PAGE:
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Final Medical Loss Ratio Rule Rebuffs Insurance Agents

By Julie Appleby

December 2nd, 2011, 12:16 PM

The Obama administration issued a rule today that is sure to disappoint insurance agents: Fees paid to brokers and agents won’t count as medical care, under limits imposed on insurers in the 2010 federal health law.

Photo by Thomas Hawk via Flickr

That’s key because under the health law, insurers must spend at least 80 percent of their premium revenue on medical care and quality improvement – or issue rebates to consumers.  The target is 85 percent for large-group issuers.

Brokers had lobbied hard to have their fees exempted from the calculation of administrative costs, which also includes such expenses as marketing and executive salaries, saying that without such a move, commissions will be cut and agents could lose their jobs, leaving consumers without as much access to brokers who help them choose health insurance.

But consumer advocates fought the move, saying commissions are clearly administrative costs and removing them would make it easier for insurers to avoid paying the required rebates to consumers. Those rebates will go out next year to individuals and small-business policyholders whose insurers fail to hit spending targets this year. The rebates could come in the form of reduced premiums.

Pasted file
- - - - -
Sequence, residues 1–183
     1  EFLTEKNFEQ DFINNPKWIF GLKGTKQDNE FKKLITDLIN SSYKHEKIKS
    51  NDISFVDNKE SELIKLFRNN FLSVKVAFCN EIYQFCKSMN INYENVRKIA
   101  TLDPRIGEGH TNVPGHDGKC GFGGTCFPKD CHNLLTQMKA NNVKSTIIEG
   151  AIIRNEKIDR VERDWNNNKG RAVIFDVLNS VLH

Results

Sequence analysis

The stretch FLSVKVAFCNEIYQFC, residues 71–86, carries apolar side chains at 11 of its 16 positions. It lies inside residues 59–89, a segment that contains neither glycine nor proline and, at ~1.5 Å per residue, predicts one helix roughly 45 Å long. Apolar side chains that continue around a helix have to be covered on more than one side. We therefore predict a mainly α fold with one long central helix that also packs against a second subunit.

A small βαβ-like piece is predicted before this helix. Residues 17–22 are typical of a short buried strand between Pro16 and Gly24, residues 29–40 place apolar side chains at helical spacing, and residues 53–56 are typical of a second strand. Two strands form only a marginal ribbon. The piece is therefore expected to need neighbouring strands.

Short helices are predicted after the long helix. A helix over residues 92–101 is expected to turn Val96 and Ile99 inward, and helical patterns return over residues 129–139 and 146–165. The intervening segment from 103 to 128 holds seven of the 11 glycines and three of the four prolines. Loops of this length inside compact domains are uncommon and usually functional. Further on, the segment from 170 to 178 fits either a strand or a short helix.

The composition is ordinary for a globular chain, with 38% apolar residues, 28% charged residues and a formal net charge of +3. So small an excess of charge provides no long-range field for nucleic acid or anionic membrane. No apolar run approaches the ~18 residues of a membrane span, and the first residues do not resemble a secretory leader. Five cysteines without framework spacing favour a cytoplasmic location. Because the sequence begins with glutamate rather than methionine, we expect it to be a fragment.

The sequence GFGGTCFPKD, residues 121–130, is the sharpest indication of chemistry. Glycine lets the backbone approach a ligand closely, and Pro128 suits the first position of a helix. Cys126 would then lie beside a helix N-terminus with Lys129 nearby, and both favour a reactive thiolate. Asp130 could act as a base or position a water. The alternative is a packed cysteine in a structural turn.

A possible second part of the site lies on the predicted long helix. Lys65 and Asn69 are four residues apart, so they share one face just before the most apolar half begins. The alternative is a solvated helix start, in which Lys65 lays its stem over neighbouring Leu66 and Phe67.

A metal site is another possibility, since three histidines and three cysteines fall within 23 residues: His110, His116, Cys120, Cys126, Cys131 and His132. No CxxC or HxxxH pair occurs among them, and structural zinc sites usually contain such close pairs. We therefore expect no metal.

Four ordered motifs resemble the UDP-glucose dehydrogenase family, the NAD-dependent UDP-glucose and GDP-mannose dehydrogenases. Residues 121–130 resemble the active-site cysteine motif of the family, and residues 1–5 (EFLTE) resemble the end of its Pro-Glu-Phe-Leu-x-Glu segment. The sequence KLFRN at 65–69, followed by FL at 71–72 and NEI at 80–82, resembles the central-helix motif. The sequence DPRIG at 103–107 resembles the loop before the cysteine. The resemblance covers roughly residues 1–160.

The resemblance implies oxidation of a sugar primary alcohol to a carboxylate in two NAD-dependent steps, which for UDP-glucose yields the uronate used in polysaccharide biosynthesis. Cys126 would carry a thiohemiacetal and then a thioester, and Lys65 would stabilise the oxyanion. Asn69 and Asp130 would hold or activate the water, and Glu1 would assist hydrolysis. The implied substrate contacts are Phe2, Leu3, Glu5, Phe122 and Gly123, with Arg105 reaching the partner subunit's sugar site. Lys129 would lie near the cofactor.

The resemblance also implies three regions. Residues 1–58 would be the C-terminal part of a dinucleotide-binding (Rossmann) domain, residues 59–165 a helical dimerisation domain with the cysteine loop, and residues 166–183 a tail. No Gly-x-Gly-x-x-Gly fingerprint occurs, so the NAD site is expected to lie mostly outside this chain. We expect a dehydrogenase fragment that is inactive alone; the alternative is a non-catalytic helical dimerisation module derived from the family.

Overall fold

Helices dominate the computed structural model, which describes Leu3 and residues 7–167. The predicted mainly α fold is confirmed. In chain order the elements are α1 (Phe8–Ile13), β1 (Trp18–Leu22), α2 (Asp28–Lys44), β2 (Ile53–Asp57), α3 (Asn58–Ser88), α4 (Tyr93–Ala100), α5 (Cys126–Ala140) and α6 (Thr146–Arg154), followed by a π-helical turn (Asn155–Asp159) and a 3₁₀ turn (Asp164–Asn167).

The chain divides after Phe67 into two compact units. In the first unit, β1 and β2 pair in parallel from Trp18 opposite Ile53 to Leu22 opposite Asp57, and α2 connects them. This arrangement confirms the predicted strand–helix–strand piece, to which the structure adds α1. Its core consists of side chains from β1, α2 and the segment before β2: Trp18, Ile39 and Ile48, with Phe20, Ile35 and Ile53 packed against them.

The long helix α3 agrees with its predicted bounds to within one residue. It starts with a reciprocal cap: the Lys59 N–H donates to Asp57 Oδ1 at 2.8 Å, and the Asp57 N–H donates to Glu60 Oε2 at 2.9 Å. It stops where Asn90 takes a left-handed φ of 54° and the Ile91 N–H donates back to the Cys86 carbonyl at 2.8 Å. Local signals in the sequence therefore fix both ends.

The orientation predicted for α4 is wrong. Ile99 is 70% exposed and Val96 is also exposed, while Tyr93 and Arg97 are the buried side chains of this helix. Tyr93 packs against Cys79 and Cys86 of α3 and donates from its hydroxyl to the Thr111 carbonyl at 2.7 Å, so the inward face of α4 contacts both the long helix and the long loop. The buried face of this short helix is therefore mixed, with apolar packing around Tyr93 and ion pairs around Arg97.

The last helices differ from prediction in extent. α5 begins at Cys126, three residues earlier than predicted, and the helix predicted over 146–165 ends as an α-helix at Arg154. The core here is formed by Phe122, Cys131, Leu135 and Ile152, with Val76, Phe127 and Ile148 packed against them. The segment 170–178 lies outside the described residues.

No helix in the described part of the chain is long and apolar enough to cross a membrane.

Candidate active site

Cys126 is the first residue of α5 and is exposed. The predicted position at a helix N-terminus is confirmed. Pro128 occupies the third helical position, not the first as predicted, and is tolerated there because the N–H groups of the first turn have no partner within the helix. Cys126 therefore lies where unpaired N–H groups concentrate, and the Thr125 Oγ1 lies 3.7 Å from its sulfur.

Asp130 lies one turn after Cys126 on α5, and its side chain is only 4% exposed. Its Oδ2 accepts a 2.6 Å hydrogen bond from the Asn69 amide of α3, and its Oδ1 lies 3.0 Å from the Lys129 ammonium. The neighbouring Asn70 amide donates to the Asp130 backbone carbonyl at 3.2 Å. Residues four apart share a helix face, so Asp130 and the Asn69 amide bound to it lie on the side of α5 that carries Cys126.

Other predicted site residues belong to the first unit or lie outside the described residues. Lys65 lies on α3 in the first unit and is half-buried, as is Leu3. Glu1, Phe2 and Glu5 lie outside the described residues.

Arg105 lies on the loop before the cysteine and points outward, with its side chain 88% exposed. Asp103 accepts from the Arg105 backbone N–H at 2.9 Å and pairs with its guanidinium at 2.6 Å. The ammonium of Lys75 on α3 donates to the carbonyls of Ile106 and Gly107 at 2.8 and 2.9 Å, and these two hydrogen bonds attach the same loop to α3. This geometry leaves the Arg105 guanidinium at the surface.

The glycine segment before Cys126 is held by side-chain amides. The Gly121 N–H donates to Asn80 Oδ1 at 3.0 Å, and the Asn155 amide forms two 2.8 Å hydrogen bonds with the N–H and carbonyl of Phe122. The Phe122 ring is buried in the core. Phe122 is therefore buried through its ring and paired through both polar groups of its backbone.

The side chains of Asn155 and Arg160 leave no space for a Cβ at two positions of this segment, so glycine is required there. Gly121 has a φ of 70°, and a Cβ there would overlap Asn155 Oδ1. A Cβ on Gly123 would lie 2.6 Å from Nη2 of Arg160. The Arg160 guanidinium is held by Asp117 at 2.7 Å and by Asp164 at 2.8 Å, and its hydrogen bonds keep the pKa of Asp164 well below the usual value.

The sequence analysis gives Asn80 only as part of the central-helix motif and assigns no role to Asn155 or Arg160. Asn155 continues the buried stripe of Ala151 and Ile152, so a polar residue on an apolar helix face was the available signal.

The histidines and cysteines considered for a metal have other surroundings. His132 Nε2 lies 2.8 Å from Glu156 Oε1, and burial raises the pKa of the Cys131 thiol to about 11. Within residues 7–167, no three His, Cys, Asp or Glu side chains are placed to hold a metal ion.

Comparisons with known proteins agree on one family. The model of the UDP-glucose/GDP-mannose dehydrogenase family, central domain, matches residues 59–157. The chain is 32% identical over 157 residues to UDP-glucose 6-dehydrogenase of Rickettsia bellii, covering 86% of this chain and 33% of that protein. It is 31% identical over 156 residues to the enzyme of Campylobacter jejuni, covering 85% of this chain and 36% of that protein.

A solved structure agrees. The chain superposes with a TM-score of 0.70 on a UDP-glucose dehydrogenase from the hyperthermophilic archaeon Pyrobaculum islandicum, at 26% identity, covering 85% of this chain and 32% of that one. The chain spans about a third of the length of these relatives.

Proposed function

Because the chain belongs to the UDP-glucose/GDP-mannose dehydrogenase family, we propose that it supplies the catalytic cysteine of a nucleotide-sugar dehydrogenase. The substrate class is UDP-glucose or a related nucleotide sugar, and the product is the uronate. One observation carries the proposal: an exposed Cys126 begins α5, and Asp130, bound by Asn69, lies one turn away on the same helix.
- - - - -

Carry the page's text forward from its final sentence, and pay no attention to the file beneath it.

Under an earlier rule, rebates to employers would have been taxable, so the final rule says any rebates given for group policies should be in the form of lower premiums or “in other ways that are not taxable.”  It will then be up to the employer or group policyholder to “ensure that the rebate is used for the benefit of subscribers.” In addition, the rule requires insurers to provide notices of rebates not only to the employer, but also to the enrollees.

“If your insurance company doesn’t spend enough of your premium dollars on medical care or quality improvement this year, they’ll have to give you rebates next year,” said CMS Acting Administrator Marilyn Tavenner, who is in her first day as chief of the agency. “This will bring costs down and give insurance companies the incentive to focus on what matters for patients – high quality health care.”

Late last month, the National Association of Insurance Commissioners adopted a resolution urging Congress to amend the federal health law to exempt broker commissions from the tally, known as the “medical loss ratio.” But the NAIC vote was closely divided, and the organization had raised no objection to inclusion of broker commissions a year ago when the draft rule was first issued.

The final rule does not explicitly address the plea from brokers and agents, instead leaving the calculation of administrative costs unchanged from the original draft.

Tim Jost, a law professor and a NAIC consumer advocate, says he is pleased that broker commissions remain in the administrative cost calculation. The overall requirement that insurers spend at least 80 percent of revenue on medical care “is a major benefit to consumers” and will help slow premium growth because “it will result in rebates from insurers who don’t bring down premiums.”